An Open Letter to…

There’s a morning radio program I listen to which features a weekly “Open Letter” to some random topic. This week’s topic was, “An Open Letter to People Who Text and Drive”. It began (as they all do) with – “Here’s an open letter to people who text and drive. Dear people who text and drive – seriously?”

While listening to that segment, I had the idea to craft my very own Open Letter addressing some of the egregious – some may say ridiculous, insurance carrier estimating guidelines. Here goes…

Dear Carrier Estimating Guidelines – seriously?

To start, let me remind you that the contractors you are imposing these guidelines on are the very ones you have already put your confidence in to competently service your insured, and provide fair estimates (using mandated estimating platforms) for services rendered.

Let me also remind you, these contractors did not develop the estimating programs or the line items for services contained within the programs. They are simply tasked to select the line items available which represent the work performed.

Let’s highlight some of these ridiculous carrier guidelines…

Carriers who do not allow after hours line items (except possibly and after-hours service call – but no others) – just wow. What you’re saying is you really don’t appreciate the crew who gets called out at 2 a.m., leaves their family on the weekend or holiday, to service your insured. You don’t appreciate the additional costs incurred by contractors to fairly compensate that crew for giving up their time – for you and your insured. It’s about a 30% increase between during hours and after-hours line items, and they are included in the estimating programs for a reason – because it’s fair.

Carriers who claim respirators, or furniture moving pads, are “a tool of the trade” – what? There are line items in the estimating programs for both. Do you have any idea what it takes to maintain a respiratory protection program? You must have your technicians medically evaluated, fit tested, and properly trained to don, doff, and maintain the devices. Respirators are not cheap, and the cost of getting technicians compliant is significant. Randomly selecting items required to service your insured, especially items related to the health and safety of workers, as “tools of the trade” and not allowing charges for these items on estimates tells me you have little concern for the health and safety of our workers.

No supervisor hours allowed – are you kidding me? It’s a good thing our supervisors love their job so much they don’t ask for any pay – same for yours? So, let’s just throw the technicians out on a large contents pack out job with no supervision, no inventory control – just let them do their thing – sound good to you, carrier? Of course not, and we wouldn’t let that happen – despite this ridiculous guideline. Some jobs require higher level supervision and there should be adequate compensation provided – that’s why supervisory line items are included in the estimating programs.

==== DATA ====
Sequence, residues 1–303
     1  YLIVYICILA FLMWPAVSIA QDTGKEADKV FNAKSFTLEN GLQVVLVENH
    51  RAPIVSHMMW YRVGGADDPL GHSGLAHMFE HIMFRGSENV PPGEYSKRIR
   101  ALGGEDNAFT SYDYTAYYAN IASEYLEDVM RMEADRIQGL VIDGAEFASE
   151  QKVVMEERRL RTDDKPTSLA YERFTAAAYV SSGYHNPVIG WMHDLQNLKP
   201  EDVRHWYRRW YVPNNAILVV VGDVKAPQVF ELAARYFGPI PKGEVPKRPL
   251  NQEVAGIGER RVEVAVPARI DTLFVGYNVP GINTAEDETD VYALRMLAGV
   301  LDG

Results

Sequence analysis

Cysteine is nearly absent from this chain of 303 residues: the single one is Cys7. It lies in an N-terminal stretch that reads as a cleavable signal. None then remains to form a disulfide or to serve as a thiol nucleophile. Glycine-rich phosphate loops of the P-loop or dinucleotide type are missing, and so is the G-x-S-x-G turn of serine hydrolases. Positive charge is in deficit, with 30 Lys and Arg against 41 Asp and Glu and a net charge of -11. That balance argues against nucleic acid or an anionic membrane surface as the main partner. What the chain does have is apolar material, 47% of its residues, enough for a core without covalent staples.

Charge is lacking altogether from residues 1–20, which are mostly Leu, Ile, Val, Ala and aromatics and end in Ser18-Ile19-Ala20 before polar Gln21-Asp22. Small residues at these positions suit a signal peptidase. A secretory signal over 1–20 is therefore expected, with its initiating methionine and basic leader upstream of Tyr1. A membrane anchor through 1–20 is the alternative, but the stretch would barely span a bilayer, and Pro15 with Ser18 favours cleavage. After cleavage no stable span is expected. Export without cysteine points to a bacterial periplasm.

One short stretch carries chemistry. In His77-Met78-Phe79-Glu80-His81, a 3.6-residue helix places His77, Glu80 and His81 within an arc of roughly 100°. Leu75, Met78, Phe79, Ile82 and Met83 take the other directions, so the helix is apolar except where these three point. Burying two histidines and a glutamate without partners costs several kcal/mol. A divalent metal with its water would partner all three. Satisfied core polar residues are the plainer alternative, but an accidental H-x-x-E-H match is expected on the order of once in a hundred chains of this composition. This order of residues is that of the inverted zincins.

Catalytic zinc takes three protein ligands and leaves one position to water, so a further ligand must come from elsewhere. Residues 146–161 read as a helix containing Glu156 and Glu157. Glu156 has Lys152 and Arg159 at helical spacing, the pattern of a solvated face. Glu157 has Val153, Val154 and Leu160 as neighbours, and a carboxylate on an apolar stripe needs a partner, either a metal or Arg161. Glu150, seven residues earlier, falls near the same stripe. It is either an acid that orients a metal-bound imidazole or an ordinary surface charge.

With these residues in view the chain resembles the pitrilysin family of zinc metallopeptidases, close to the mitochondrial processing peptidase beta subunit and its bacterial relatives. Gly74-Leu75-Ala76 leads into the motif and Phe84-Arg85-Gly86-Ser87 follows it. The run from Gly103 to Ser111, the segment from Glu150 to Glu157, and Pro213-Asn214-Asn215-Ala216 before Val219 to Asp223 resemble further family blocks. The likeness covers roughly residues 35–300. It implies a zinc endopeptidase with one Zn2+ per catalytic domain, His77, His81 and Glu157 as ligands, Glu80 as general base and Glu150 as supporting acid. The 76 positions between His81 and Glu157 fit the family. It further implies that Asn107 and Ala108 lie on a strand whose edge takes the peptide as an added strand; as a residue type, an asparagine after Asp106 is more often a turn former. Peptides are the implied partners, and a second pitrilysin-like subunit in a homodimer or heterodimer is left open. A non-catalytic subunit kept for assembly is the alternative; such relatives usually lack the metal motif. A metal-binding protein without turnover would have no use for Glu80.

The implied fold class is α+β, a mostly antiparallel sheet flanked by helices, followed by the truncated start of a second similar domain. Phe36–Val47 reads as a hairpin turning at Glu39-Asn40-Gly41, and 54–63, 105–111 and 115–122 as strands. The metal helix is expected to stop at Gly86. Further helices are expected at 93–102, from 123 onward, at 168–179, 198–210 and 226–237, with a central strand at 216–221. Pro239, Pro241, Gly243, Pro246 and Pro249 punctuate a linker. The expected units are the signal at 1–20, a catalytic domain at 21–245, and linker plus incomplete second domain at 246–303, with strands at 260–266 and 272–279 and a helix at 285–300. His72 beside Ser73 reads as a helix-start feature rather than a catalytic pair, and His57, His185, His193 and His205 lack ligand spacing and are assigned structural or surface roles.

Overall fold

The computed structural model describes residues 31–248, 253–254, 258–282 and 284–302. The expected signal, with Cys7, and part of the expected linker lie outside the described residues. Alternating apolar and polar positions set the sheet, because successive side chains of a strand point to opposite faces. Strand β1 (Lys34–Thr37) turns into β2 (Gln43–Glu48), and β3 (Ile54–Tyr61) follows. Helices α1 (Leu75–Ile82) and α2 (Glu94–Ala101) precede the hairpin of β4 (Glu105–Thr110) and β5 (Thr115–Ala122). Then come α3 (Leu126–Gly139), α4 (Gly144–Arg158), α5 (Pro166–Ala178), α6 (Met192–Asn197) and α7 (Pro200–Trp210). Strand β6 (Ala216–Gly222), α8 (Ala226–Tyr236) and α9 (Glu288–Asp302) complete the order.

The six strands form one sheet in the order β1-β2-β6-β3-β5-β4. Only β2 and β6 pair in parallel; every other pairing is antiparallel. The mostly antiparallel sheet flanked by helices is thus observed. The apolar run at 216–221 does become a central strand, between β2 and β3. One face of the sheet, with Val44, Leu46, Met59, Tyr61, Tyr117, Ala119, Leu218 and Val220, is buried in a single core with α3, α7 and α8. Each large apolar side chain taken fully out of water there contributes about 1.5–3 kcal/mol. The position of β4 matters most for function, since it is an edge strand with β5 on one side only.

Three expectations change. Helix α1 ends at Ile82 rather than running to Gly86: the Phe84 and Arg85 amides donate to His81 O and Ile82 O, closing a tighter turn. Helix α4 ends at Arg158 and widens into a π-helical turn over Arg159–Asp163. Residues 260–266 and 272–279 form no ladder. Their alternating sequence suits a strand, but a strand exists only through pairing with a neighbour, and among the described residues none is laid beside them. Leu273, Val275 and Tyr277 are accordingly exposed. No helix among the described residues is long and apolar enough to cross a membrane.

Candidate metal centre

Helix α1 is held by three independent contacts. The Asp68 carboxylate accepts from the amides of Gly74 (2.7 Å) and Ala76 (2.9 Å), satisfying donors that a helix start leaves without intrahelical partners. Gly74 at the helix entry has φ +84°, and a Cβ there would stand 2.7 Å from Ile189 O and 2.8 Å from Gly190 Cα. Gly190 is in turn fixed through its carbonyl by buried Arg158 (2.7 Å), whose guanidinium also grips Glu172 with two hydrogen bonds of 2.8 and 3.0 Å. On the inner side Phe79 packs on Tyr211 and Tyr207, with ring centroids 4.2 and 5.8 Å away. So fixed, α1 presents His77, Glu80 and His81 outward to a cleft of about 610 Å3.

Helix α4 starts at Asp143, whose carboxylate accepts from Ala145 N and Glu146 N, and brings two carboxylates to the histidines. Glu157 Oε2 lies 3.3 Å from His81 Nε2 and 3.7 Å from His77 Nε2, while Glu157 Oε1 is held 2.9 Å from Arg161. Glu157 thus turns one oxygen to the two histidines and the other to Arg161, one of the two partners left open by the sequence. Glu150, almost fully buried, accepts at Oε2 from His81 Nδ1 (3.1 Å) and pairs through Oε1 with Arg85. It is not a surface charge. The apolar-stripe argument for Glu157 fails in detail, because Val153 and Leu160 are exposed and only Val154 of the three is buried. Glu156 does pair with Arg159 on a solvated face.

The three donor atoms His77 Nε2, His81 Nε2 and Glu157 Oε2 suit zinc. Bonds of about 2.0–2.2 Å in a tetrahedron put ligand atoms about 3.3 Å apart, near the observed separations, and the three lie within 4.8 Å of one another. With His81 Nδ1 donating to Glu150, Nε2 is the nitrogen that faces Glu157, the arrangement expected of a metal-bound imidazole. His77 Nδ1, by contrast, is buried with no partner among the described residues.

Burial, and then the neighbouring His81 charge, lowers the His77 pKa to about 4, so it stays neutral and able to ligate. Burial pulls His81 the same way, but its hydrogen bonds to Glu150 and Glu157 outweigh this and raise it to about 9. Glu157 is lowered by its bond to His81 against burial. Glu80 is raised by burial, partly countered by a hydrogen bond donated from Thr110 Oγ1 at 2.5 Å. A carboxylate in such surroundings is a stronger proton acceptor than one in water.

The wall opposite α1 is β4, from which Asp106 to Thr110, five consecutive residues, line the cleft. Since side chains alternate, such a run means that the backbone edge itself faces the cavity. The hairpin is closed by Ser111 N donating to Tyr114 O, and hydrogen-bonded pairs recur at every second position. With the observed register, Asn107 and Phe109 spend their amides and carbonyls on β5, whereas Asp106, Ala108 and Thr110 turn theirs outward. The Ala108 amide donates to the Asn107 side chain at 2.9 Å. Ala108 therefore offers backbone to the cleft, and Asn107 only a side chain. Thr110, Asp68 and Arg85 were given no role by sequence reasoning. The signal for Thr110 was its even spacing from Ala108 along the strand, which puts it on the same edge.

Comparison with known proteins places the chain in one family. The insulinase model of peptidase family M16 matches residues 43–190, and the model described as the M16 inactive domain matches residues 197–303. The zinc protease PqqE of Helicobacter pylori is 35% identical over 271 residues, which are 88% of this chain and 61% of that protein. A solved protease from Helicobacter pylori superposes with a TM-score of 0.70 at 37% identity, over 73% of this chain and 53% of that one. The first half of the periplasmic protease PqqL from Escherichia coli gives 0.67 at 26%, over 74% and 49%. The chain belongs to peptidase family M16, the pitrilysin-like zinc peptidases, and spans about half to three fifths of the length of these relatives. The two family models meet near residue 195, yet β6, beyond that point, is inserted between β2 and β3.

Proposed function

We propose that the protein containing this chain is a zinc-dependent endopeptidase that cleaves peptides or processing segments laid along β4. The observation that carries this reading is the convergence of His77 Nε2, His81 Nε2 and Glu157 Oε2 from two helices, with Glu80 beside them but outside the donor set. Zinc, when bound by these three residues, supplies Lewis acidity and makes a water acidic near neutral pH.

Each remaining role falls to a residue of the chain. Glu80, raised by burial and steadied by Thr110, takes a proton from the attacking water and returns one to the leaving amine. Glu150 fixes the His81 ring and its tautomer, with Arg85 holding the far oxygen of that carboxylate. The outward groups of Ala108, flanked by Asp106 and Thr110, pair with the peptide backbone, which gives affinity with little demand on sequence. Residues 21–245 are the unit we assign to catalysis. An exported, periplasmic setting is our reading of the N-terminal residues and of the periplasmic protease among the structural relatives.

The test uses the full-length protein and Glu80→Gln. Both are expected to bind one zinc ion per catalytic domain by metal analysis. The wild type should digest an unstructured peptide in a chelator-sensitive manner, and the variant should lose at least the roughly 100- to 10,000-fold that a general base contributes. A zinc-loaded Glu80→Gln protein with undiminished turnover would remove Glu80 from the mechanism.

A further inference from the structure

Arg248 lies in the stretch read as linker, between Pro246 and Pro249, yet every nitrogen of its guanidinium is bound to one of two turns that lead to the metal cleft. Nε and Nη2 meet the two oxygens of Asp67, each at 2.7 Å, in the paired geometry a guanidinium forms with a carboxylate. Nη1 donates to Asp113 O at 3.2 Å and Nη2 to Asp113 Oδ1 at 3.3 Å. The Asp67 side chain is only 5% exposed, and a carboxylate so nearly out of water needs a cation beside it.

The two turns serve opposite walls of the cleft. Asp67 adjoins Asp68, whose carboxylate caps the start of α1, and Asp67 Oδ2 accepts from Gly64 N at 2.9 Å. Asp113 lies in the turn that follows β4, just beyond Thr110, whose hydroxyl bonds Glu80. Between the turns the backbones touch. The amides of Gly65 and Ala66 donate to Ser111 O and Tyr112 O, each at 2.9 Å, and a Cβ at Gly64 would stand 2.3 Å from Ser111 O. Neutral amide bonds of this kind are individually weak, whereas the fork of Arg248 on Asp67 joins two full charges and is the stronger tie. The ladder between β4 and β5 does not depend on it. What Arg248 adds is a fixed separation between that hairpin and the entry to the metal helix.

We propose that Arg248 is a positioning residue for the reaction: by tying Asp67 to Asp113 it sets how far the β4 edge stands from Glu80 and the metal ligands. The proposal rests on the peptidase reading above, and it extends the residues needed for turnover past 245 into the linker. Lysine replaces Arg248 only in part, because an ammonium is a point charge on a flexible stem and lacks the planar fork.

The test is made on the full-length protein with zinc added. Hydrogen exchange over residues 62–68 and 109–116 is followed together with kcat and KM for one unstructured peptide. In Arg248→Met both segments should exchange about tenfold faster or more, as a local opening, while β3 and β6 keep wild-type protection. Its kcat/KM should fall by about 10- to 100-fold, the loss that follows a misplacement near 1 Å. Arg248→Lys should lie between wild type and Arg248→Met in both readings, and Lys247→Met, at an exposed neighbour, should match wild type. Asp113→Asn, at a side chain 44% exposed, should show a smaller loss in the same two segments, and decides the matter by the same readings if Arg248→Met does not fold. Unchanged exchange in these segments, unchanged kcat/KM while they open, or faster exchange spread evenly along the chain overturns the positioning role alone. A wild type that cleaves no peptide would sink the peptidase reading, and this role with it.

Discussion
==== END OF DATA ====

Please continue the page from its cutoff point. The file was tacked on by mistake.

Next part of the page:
Ok – one more for now, but I could go on and on…

Carriers who dictate the allowable hours for monitoring – C’mon Man! I’m convinced it won’t be long until some carriers mandate remote monitoring so they don’t have to pay for a daily site visit. Some carriers determine the allowable charges for daily monitoring based on the number of pieces of equipment placed. Where did this come from? A detailed, intelligent daily monitoring of a drying project is arguably the most important part of the job. It takes what it takes and certainly isn’t driven by the number of air movers placed.

We’ll save FEMA’s W-13025a guidelines for another time. These would have our Godfather of drying, John Dalton, rolling over in his grave.

For those of you experiencing these carrier guideline restrictions – either keep fighting the good fight or walk away. There may come a time when contractors feel these programs and restrictions are simply unacceptable – leaving the carriers and their insureds to find resources outside of the network and not bound by their guidelines.

Hmm – then what?


Until next month,

Nasty 7 out.

Scott Walden

Scott Walden

Chief Operating Officer

Scott Walden is the Chief Operating Officer for Team VetCor, LLC and VetCor, LLC; a veteran manned and managed insurance services franchise company specializing in emergency services for property damage.

Civilian Life

Scott holds a Bachelor of Science Degree from Black Hills State University (cum laude), and an MBA from the Florida Technical University. Prior to joining Team VetCor, he served as the Director of Training and Customer Support for M.I.C. Industries, Inc. In this role he developed and managed the company’s training program, designed to provide high-level instruction in the operation and maintenance of the company’s machinery and software to domestic and international customers. In addition, he handled oversight of all aspects of the company’s customer support operation. Scott is currently an Approved IICRC Instructor, IICRC Master Water Restorer, and a Florida licensed Mold Remediator and Mold Assessor.

Military Life

Scott Walden served in the United States Army from October 1983 until his retirement as a Sergeant Major in November 2006. He served throughout the United States and overseas in every leadership position from Team Leader to Brigade Operations Sergeant Major.

You can find his column, Full Disclosure, in the 1st Tuesday of every month in C&R’s weekly enews. You can reach Scott at

Hey there! We're glad you're here!

This content is only available for subscribers. Please enter your email below to verify your subscription.

Don't worry! If you are not a subscriber, simply enter your email below and fill out the information on the next page to subscribe for FREE!

Back to homepage